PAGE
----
Problems Faced by Small Businesses

Small businesses often face a variety of problems related to their size. A frequent cause of bankruptcy is undercapitalization. This is often a result of poor planning rather than economic conditions - it is common rule of thumb that the entrepreneur should have access to a sum of money at least equal to the projected revenue for the first year of business in addition to his anticipated expenses. For example, if the prospective owner thinks that he will generate $100,000 in revenues in the first year with $150,000 in start-up expenses, then he should have no less than $250,000 available. Failure to provide this level of funding for the company could leave the owner liable for all of the company's debt should he end up in bankruptcy court, under the theory of undercapitalization.

In addition to ensuring that the business has enough capital, the small business owner must also be mindful of contribution margin (sales minus variable costs). To break even, the business must be able to reach a level of sales where the contribution margin equals fixed costs. When they first start out, many small business owners underprice their products to a point where even at their maximum capacity, it would be impossible to break even. Cost controls or price increases often resolve this problem.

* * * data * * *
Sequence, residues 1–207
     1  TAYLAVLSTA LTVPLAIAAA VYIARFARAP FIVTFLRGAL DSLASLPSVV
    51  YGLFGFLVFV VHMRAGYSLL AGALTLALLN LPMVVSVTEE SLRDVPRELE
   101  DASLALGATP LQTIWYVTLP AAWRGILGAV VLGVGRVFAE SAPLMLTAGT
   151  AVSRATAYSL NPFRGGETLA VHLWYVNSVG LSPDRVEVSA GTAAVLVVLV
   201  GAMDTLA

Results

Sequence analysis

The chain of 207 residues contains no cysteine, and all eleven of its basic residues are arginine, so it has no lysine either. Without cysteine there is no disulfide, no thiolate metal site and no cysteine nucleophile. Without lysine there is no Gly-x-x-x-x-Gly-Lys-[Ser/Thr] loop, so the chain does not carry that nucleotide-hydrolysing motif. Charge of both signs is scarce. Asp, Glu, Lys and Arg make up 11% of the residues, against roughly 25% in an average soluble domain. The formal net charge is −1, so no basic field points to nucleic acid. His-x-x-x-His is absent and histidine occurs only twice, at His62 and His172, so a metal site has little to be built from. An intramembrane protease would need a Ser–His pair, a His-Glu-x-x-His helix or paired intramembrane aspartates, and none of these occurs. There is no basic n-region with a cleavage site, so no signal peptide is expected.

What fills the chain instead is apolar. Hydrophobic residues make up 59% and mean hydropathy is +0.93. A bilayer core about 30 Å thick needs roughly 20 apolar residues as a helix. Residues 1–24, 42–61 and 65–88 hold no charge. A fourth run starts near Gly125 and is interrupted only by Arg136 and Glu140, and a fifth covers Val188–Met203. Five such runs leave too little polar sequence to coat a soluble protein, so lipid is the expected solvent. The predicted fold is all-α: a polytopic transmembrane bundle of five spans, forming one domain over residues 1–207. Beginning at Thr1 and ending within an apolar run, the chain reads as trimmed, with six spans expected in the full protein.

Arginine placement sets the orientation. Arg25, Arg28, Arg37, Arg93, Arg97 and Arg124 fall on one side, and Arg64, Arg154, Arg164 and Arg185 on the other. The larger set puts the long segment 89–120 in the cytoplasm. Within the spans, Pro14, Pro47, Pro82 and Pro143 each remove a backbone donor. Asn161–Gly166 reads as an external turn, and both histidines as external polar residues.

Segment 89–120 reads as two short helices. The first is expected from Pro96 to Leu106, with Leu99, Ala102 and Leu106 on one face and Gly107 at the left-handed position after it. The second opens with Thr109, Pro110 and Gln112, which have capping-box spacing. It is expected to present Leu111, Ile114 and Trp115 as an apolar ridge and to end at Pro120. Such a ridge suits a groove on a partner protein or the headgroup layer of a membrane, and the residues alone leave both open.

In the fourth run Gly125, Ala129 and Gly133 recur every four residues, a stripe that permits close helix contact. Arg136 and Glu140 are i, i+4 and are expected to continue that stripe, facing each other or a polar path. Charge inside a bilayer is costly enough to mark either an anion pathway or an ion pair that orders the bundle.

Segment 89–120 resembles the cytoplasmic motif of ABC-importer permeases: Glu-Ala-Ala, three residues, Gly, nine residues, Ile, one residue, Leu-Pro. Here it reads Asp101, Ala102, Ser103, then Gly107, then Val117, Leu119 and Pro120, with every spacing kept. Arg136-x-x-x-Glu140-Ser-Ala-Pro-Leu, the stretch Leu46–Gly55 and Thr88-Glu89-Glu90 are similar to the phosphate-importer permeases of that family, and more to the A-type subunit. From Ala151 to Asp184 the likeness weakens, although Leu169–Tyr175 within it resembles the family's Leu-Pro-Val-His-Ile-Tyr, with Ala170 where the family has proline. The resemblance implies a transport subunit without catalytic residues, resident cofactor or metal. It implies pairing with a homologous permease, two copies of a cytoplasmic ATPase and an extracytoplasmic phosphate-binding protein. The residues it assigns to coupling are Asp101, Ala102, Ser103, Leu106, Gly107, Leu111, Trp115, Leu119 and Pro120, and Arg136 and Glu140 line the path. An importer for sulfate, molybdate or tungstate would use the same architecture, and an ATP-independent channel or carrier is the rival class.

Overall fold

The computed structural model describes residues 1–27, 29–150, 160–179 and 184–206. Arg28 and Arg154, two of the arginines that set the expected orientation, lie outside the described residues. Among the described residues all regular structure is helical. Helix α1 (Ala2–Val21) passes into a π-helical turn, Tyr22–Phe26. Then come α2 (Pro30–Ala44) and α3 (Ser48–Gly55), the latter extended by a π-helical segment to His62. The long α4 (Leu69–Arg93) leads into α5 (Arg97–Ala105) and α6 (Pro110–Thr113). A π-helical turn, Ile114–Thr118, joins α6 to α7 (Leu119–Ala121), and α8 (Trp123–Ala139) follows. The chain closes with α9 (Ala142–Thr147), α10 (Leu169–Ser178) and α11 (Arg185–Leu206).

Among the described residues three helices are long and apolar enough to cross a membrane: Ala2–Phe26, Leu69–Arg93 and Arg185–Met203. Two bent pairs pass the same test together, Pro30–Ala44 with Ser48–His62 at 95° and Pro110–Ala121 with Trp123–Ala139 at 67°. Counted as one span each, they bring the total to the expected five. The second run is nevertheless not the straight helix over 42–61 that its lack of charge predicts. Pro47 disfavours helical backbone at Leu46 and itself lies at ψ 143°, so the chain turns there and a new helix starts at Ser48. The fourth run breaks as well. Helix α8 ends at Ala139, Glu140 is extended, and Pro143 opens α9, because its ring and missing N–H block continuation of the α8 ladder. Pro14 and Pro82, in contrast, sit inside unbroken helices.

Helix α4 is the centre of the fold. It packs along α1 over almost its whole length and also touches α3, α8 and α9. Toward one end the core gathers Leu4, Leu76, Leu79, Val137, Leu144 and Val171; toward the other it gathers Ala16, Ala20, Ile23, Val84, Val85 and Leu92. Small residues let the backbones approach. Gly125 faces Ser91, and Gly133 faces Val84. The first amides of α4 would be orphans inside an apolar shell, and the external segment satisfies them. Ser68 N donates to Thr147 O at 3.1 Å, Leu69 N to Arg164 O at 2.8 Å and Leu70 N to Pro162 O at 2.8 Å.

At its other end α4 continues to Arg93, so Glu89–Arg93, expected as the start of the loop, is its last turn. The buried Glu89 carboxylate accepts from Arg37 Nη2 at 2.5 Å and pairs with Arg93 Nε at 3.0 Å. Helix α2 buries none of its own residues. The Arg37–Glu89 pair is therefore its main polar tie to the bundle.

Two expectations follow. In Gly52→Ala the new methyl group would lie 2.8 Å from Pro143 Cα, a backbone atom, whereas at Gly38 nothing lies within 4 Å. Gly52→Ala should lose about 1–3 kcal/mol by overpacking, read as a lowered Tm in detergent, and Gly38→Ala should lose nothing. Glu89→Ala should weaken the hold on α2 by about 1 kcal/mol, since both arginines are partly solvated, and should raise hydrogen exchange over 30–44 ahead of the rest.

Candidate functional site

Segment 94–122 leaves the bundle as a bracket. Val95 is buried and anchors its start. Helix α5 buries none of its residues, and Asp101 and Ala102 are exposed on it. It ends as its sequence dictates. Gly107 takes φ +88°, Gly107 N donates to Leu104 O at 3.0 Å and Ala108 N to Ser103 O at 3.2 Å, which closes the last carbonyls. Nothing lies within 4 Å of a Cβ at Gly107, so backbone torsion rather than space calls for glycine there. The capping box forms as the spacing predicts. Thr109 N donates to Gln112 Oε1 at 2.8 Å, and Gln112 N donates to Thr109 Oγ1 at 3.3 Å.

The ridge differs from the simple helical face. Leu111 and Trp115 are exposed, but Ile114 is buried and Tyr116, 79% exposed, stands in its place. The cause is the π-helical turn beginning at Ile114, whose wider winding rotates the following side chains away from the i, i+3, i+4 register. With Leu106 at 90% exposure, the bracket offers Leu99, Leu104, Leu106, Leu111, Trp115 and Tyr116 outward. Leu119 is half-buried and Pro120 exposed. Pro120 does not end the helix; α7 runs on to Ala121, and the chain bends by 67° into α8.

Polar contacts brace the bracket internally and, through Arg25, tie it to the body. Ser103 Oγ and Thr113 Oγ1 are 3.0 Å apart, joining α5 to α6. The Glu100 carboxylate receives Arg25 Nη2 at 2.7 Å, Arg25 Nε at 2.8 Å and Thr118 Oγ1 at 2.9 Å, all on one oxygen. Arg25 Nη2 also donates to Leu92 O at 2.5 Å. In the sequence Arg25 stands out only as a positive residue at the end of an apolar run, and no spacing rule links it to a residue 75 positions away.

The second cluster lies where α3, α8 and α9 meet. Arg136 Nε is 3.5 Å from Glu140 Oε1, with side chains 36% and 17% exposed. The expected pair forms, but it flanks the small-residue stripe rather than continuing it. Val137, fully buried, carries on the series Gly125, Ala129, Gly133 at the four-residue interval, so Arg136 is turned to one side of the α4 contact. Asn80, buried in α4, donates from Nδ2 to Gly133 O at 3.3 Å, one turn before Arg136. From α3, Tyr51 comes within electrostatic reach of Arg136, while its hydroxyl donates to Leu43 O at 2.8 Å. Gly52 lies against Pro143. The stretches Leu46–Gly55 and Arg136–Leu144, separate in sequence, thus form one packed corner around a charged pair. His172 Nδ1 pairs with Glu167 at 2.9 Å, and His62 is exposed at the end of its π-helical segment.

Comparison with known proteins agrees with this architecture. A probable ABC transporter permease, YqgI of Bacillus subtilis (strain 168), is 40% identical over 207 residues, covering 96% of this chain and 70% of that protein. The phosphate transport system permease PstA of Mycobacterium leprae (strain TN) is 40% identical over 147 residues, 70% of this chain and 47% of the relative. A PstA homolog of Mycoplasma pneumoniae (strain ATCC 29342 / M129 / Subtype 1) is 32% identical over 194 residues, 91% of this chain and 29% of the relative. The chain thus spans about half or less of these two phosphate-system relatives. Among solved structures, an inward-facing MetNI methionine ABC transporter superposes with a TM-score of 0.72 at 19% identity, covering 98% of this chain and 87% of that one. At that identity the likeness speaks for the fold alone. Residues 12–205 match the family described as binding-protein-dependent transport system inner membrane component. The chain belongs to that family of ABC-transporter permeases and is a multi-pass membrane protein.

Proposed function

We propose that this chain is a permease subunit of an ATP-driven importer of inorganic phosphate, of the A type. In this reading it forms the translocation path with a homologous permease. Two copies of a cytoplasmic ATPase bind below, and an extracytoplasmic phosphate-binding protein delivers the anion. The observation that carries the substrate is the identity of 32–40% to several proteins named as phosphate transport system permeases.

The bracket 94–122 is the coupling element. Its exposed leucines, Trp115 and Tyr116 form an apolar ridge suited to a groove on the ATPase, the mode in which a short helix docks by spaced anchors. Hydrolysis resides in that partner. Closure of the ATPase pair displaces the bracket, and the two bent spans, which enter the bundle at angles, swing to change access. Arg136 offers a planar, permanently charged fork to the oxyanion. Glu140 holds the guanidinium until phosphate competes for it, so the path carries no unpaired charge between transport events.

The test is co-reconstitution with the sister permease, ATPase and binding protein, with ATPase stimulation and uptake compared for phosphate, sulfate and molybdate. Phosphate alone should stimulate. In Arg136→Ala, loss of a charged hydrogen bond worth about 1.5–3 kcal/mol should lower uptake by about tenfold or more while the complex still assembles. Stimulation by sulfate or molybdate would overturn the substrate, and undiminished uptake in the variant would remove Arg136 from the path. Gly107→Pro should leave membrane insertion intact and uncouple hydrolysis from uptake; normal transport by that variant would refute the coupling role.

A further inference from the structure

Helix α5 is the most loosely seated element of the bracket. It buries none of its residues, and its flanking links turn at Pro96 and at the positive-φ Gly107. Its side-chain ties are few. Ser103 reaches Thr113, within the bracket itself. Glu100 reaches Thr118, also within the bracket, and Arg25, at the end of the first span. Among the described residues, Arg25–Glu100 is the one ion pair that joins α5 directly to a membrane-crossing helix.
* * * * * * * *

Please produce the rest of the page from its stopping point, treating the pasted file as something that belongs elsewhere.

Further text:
In the United States, some of the largest concerns of small business owners are insurance costs (such as liability and health), rising energy costs and taxes. Another problem for many small businesses is termed the 'Entrepreneurial Myth' or E-Myth. The mythic assumption is that an expert in a given technical field will also be expert at running that kind of business. Additional business management skills are needed to keep a business running smoothly. This is why you need the B.E.S.T.™

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